Working in both monumental and small dimensions, since the 1970s, sculptor Gino Miles is inspired primarily by 20th-Century masters such as Moore, Brancusi, Archipenko, and Marini. Gino Miles distills his love of the classical figure and objects found in nature, working with a sparse and contemporary language that embodies tranquility. Stripped of an overt narrative, Gino Miles’ abstract forms achieve a poetic harmony of man and nature, with subtle references to both the human form and ancient cultures.
Gino Miles became interested in painting and sculpture in the early 1970s at the University of Northern Colorado, where he also earned a Master of Art in Sculpture. He studied at Universita per i Stranieri in Perugia and the Accademia di Belli Art in Florence. A profound love of teaching inspired Miles to help establish Italart, a school for American and German students in the Chianti region outside Florence. After many years of study and work in Europe, Miles and his wife returned to the United States and settled in Santa Fe, New Mexico.
Working primarily in fabricated stainless steel and bronze, the curvilinear, often weightless appearance of Miles’ pieces creates a visual contradiction with heavy metal materials, challenging the fundamentally static nature of sculpture and as well as the viewer’s perception thereof. Miles also explores the concepts of unity and connection in his work; he often chooses materials that can reflect, absorb, or blend with their surroundings, striking a balance between timelessness and the ephemeral moment.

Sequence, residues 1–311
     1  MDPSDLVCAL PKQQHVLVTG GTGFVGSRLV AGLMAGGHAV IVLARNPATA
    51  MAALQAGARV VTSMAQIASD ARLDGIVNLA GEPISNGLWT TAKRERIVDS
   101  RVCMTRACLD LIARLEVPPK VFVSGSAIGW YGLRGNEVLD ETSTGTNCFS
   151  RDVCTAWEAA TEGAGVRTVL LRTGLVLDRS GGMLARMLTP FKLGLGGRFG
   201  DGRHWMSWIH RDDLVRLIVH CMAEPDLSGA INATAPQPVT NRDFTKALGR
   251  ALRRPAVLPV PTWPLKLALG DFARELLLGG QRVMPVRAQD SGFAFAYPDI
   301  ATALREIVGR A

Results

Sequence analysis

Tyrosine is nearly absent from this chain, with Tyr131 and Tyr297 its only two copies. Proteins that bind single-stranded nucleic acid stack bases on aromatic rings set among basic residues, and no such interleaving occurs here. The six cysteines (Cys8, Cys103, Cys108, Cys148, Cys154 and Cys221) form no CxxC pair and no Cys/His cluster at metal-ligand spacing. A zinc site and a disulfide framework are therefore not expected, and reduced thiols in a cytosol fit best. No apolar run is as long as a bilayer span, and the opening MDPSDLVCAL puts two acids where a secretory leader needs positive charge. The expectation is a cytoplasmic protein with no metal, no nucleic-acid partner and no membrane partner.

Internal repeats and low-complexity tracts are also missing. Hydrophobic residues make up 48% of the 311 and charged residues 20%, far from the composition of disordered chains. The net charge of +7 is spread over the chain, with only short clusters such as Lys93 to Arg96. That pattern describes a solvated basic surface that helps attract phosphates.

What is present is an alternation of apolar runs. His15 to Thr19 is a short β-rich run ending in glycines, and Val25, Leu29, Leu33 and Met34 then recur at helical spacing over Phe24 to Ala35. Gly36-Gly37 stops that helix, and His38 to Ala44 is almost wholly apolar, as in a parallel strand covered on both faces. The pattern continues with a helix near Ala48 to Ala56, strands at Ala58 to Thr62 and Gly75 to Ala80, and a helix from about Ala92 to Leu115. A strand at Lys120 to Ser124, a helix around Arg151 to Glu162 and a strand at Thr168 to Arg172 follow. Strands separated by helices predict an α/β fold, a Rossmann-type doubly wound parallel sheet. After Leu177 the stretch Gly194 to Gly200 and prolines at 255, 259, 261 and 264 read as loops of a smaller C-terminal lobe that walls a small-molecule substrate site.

Miles’ large-scale works are prominently featured in many permanent and private collections throughout the United States, Europe and South America, including Spencer Museum at University of Kansas (2013), Evansville Museum, Disney Corporate Headquarters, the cities of Cerritos and Napa, California, the City of Edmond, Oklahoma, Western Kentucky University, and Bowling Green, Kentucky, among others. In 2016 his sculpture Introspection was placed at the entrance of the Polk Museum of Art.
Long a household name, Pierre-Auguste Renoir (1841-1919) is considered to be one of the great nineteenth-century masters. A principal member of the Impressionist circle, Renoir made everyday life his subject matter, creating scenes and characters seemingly pulled from the quotidian world of fin-de-siècle Paris. Alongside friends and colleagues like Claude Monet, Edgar Degas, Berthe Morisot, Alfred Sisley, Mary Cassatt and Gustave Caillebotte, Renoir created the visual imagery we most associate today with avant-garde Parisian art. If you think about bearded, top-hatted men dancing happily with cherubic, rose-cheeked women as classically Impressionistic, you can thank Renoir for cementing that image in your mind’s eye.